I’m about to run my 11th half marathon in 2013, the Women’s Running Series Half Marathon in Nashville and I am just as psyched, nervous, excited and ready for this as I was with numero uno. While I have hundreds of miles on my shoes this year, my first half marathon ever, was this past January- so I still feel like I have that “new car smell” when it comes to running the glorious 13.1 miler and can still remember my first race like it was… oh, 8 months ago? Ha!
Here’s my advice for you sweetie… because you so got this.
I have seen 80 year olds complete half marathons, and people of all shapes, sizes and abilities run this distance. If I can do it in all of my wheeziness, you can do this. If you have to do a practice run of 10 miles just to feel confident, do it. If you encounter a catastrophe and need to walk on race day, do it- half marathon #2 left me with an irritated IT band which meant I walked 10+ miles. Even the worst that can happen won’t be that bad. Run on my friend.
Now that you’ve got the confidence, let’s get into the nitty gritty…
Many first time marathoners overcompensate when it comes to hydration and fueling, but please don’t. Be aware of the water stations on your race and while you might be tempted to CamelBak it with a complete fuelbelt of gatorade, trust the aid stations unless it’s a really, really hot day and you’re a slow runner (like me!) While it’s totally possible to be dehydrated and suffer from an electrolyte imbalance, it’s also possible to overhydrate which can lead to stomach aches, that horrible sloshy-tummy feeling and of course, having to pee four times during the race.
Humid and hot days mean more sweat, but unless there’s a heat advisory, don’t panic about hydration and don’t drink too much gatorade, you could end up wanting to toss your cookies or get the runner’s trots from eating and drinking a ton of the typical “runner stuff” on race day. If you don’t know what “runner’s trots” are, Google it. You’re welcome.
So, what about Gu? First off, try Gu before your big day to make sure it doesn’t mess with your stomach. If I could tell former self to tone it down on all the hyped-out performance food made for runners, I totally would. No goo, chew or bar will give you magical runner wings, but it will make you feel ill. Go with what you know and don’t freak out about performance on race day- it will be a PR no matter what you do. I’ve seen (and felt) more issues with overdoing the Gu on race day than not having enough.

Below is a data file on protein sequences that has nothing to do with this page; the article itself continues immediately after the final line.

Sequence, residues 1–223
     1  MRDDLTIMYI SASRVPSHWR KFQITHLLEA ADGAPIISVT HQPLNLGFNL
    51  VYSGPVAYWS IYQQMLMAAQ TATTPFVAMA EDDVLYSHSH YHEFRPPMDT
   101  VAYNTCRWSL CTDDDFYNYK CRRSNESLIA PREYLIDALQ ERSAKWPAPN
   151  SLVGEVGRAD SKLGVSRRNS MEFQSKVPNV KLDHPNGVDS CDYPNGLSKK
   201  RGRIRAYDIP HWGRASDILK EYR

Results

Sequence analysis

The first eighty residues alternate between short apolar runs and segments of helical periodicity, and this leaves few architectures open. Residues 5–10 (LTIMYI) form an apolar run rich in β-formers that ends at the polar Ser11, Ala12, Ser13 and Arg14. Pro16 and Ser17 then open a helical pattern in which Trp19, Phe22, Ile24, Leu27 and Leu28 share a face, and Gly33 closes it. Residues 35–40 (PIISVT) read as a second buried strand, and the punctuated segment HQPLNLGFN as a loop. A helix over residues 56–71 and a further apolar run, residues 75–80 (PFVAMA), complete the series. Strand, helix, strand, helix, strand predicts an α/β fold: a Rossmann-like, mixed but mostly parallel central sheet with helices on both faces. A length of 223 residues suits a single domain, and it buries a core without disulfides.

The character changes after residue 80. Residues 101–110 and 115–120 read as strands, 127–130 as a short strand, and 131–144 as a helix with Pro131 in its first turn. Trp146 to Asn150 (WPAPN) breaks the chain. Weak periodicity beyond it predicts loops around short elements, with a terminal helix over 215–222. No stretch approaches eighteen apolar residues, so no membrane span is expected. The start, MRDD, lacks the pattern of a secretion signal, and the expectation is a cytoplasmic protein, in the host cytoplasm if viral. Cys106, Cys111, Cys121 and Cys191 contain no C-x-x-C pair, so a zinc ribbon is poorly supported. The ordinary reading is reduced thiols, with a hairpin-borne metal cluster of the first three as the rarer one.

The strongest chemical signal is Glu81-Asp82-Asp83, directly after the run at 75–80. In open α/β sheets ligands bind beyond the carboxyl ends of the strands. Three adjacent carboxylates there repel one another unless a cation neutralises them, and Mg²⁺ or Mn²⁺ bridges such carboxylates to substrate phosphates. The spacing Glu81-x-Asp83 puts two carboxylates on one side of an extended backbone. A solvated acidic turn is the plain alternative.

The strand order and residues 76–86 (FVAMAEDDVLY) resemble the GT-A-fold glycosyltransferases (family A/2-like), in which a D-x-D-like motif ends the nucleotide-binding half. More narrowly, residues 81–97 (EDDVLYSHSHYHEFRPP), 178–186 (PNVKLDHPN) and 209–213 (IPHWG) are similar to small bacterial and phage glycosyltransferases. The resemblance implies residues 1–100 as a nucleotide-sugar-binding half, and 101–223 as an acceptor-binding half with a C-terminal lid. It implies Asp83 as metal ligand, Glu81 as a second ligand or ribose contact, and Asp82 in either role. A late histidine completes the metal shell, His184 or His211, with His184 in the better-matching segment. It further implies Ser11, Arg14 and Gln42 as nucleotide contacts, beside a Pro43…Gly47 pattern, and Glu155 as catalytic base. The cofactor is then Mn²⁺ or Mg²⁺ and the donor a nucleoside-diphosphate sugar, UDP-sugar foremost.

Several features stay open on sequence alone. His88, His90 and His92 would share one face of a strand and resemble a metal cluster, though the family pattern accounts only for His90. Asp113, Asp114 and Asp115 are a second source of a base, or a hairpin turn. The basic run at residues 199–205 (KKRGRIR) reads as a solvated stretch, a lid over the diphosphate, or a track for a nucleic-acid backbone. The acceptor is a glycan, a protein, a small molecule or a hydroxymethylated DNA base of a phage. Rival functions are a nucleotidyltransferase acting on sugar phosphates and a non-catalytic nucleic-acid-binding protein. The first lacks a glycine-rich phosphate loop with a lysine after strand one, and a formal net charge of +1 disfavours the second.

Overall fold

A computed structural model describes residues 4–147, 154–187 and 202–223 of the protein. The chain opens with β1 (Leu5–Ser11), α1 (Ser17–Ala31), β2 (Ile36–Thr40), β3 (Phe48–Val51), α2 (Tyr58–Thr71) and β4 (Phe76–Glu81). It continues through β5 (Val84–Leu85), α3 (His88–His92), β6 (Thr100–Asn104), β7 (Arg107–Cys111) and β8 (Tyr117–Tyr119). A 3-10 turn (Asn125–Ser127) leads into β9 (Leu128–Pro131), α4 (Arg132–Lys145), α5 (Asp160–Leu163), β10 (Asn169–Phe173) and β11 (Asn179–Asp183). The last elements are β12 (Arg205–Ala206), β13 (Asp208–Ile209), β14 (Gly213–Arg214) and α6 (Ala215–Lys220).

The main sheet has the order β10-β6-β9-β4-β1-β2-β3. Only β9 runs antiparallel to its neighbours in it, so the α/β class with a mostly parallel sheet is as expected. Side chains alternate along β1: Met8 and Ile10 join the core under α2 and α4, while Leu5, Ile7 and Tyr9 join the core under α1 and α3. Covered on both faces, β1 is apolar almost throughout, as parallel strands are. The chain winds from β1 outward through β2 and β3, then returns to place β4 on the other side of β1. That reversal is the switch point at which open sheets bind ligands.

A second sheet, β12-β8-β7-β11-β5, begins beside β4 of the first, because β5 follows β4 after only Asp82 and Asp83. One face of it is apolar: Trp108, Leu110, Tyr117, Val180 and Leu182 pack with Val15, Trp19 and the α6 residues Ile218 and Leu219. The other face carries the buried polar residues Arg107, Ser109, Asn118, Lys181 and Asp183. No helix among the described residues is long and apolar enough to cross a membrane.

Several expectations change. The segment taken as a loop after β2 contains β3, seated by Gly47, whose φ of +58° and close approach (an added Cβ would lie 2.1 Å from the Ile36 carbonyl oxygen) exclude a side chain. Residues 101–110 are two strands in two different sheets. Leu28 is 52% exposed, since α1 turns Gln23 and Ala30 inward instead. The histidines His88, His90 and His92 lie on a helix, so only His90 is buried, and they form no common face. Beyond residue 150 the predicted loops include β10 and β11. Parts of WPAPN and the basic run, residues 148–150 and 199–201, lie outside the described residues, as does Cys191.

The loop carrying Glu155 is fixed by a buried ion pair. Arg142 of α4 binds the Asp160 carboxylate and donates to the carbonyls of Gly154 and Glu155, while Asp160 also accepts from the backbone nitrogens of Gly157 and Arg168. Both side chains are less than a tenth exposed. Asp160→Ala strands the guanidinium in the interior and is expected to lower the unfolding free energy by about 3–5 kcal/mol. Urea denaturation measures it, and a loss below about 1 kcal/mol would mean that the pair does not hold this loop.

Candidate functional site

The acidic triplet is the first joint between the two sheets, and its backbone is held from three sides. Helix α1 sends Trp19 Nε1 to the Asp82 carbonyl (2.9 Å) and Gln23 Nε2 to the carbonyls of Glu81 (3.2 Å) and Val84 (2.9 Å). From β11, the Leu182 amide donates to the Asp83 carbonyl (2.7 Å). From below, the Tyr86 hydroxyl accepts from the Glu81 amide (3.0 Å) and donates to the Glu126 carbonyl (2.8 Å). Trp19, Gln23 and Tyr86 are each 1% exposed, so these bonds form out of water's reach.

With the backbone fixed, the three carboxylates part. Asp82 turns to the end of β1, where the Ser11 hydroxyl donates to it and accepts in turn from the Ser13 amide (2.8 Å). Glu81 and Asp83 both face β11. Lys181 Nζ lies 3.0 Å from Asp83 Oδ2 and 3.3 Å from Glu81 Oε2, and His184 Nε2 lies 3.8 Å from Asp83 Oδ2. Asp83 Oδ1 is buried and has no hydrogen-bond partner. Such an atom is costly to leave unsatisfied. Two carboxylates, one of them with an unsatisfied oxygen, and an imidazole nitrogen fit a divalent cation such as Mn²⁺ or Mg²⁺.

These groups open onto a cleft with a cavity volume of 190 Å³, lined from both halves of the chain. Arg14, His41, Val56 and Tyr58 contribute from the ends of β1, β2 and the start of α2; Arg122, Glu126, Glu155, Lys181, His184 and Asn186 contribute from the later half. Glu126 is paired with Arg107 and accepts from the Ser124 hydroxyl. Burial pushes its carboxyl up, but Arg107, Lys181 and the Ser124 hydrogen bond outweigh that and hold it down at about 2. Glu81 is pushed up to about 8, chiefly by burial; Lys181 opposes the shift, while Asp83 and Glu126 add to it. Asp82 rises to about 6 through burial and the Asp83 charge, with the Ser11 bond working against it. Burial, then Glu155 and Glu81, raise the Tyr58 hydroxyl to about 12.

Make sure you eat a solid breakfast (I usually have a banana for regular races and a bagel with peanut butter on half marathon days with coffee), then Gu at mile 5-6 when you’re near a water station. On one half marathon I was so hungry by mile 4 that I wanted to punch someone- if that’s you, by all means, eat the Gu early! Grumpy-hungry runners are no fun for anyone.
I always wear compression socks, I just do. I heard I was supposed to wear them and I like how nerdy they look and fear shin pain, so I have several pairs. I also wear an iFitness belt that tucks in my inhaler, clips on my bib and I also throw in a tissue (on cold days your nose will run), chapstick and sunblock (for summer days, the sun will be up by the time you finish most half marathons).
I have a cheap pair of sunglasses I picked up for free at an expo booth to run in, no fancy running sunglasses yet- but they are light and stay on my head so I haven’t replaced them. Being chesty, I also always run in a Moving Comfort Fiona Bra which is made for high impact and a Sweaty Band, but beyond that- it’s whatever I feel like.
Find what works for you, but always use Body Glide on any rubby parts (especially if it’s over 40% humidity or going to rain) and if it’s going to be cold, you can hit up your thrift shop for cheap gloves, hat or light jacket to toss to the side after you start running. I know that feels really weird to throw clothes away, but most races donate these items back to people in need, most races don’t hand out mylar blankets (if they even do) until after the race and you could be waiting up to an hour to leave your corral.